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I can attest to Jurors just want to go home. I was on a juror for 3 weeks for a federal civil case. It was very interesting, especially when a defense witness called another defense witness a liar. LOL. In the end everyone wanted to just get out of there, I did however read the insurance policy that was at the heart of the lawsuit (ugh so many pages) and found a paragraph that basically said the plaintiff did not have a leg to stand on at all. (not that they would have won even if I did not read that)... Everyone wanted to go home, but in the end we did what we had to do to get it right.

Oh and the plaintiff lawyers made more than a few mistakes in presenting evidence, that did not look too good for them either.

I do not know the details about this, did not even read the short story, but if you go around threatening people with a weapon and you get shot/stabbed/injured/kill I think tough luck you got what you deserve.
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Old August 27, 2011, 03:12 PM   #10
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Read the story again. The family laid in ambush for these clowns and came out fully intending to harm them from the drop of the green flag. Heck, they even told the police they would shoot the next intruder found on their property. The late, unlamented Mr. Fox was trying to hide. They shot him through a closed door. He had several knives on his person, but this wasn't discovered until after he was D-E-D dead. In other words, they didn't shoot him because he was threatening them with a knife. They shot him because he was a drug-addicted lowlife coming to steal more of their stuff, and they were damned well not going to have any more of that.

So, this was an execution to protect property. Fox may have been a piece of human detritus, but he didn't commit a capital crime, and he wasn't a threat to the Milanovices. I'm with the jury on this one, to my utter astonishment.

I don't think this article says, but were there ever any criminal charges filed? Or did the prosecutors take a pass because of the totality of the circumstances?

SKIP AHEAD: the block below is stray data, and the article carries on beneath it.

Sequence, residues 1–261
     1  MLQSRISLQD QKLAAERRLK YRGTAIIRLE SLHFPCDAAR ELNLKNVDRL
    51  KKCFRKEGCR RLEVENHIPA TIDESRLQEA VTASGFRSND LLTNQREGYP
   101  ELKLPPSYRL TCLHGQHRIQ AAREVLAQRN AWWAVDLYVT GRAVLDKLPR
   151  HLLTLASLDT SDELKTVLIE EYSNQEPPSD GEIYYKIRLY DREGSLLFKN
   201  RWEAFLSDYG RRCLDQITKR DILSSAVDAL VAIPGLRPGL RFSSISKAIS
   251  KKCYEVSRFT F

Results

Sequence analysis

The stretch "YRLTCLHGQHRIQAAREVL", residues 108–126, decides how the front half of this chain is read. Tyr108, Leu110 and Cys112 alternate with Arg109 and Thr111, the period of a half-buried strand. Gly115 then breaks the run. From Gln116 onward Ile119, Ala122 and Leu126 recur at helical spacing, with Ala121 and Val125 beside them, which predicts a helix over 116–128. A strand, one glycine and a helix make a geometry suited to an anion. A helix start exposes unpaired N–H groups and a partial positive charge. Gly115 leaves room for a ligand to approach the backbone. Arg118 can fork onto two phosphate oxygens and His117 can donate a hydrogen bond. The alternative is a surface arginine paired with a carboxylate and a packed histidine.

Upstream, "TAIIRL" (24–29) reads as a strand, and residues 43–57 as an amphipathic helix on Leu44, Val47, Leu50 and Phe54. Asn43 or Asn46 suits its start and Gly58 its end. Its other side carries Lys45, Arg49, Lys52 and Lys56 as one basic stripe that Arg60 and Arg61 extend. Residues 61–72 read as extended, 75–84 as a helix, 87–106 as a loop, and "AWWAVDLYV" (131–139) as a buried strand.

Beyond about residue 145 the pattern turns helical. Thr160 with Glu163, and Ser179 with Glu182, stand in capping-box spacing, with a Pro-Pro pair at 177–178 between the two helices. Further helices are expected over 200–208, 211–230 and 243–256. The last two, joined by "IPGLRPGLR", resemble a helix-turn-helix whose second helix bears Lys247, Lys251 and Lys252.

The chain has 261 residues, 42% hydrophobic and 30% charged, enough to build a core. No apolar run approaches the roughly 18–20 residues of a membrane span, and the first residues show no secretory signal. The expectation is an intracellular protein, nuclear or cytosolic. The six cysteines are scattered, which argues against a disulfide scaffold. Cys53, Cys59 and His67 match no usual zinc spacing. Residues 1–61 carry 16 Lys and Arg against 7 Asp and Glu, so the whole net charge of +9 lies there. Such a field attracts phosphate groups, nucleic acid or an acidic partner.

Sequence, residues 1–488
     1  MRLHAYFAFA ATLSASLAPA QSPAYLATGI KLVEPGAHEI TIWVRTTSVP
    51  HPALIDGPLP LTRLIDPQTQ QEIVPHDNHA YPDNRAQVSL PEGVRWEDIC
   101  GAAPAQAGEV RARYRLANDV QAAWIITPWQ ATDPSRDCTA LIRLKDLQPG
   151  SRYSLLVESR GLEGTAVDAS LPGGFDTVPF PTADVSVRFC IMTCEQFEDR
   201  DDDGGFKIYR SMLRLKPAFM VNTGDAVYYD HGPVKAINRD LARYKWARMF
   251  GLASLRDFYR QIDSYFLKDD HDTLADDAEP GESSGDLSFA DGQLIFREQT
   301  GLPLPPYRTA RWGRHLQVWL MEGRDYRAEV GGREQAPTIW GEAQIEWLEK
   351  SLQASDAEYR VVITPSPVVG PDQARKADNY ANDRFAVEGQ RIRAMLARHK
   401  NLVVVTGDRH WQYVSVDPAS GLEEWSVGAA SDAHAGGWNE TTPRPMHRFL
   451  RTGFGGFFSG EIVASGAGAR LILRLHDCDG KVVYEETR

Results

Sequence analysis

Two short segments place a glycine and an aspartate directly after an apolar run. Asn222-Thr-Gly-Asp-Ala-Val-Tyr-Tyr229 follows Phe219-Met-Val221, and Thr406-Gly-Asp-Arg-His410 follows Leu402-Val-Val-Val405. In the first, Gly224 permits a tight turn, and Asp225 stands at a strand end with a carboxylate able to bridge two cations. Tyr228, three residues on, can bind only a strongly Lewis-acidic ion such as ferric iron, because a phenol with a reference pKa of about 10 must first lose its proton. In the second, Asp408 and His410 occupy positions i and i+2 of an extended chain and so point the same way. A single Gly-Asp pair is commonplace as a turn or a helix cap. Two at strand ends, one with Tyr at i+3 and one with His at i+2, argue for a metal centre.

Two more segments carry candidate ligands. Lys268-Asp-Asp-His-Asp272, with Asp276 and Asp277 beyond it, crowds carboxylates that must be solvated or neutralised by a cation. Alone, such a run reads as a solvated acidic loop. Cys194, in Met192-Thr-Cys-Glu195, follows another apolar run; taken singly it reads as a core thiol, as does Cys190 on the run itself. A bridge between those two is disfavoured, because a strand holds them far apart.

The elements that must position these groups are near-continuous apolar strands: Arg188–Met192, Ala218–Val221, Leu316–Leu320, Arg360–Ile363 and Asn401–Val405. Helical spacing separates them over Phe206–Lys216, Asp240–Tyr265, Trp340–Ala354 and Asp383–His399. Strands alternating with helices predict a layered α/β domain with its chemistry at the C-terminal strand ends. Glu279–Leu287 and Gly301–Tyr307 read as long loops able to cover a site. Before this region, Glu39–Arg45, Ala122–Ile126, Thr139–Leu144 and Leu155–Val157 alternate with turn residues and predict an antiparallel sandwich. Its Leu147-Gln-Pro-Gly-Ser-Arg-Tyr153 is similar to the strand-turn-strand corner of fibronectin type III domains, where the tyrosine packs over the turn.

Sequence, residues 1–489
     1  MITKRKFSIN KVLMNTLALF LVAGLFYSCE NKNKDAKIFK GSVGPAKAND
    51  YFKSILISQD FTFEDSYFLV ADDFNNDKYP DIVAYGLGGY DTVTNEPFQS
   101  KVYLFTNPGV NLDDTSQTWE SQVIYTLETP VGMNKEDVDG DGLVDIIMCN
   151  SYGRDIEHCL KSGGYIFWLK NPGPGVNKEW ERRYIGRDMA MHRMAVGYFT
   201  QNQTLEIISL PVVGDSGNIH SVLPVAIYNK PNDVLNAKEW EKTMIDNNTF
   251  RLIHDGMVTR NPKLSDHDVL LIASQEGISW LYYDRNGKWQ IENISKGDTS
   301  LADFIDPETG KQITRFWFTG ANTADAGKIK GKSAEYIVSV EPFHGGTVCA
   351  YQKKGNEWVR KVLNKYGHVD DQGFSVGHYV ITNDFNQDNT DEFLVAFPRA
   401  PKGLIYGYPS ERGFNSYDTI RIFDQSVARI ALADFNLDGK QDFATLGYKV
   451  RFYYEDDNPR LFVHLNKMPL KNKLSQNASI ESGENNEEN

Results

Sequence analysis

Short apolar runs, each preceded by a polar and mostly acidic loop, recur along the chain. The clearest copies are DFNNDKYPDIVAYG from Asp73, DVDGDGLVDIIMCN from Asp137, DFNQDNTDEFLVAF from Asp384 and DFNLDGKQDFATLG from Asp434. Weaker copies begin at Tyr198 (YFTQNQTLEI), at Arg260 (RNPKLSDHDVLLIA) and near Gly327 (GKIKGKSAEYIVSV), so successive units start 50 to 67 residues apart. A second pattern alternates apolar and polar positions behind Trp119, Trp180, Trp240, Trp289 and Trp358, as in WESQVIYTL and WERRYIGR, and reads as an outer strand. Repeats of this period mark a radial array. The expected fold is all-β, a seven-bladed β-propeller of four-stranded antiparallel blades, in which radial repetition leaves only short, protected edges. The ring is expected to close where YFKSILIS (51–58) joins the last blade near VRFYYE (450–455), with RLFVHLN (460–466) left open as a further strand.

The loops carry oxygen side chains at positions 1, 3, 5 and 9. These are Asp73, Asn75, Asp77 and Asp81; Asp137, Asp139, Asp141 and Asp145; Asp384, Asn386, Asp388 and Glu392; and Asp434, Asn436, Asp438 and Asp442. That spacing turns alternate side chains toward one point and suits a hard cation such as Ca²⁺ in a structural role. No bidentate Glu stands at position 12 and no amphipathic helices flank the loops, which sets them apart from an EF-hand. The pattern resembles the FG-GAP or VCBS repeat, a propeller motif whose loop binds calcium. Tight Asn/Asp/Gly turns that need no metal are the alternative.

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Old August 27, 2011, 09:31 PM   #11
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Originally Posted by Mr. James
I don't think this article says, but were there ever any criminal charges filed? Or did the prosecutors take a pass because of the totality of the circumstances?
The article I saw on this case said the prosecuting attorney elected not to file charges. He did send it to a grand jury, which declined to issue an indictment. So -- no crime by the shooters, just a civil settlement for a lot more money than they'll ever be able to pay.
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Old August 27, 2011, 10:24 PM   #12
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Just for a moment, I'm going to ignore the legal and moral issues for a moment to focus on logic.

This is a classic illustration of the logical problem with shooting people over material possessions. Even if you beat the criminal rap, the civil case will very likely cost you more than you prevented the person from taking or damaging.
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Old August 27, 2011, 10:28 PM   #13
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That wouldn't float here, in Wyoming, if the Grand Jury didn't indite him, he couldn't be sued.
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Old August 27, 2011, 10:35 PM   #14
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This is a classic illustration of the logical problem with shooting people over material possessions.
I've also postulated moral problems with it in the past.

The case at hand, however, is about one simple thing: vigilantism. The (now) defendants made a truly wretched decision, and I find the intent behind it to be reprehensible.
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Old August 27, 2011, 10:55 PM   #15
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I am in no way trying to put myself in the shoes of the owner who shot the creep.All I can say is,in today's climate,if you don't have to pull the trigger,don't.Juries can be very scary in so many ways.
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Old August 28, 2011, 08:22 AM   #16
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If the person was presenting no threat then in a lot places you just used excessive force and would be liable for criminal and civil penalties. Once the threat ceases so should your use of force.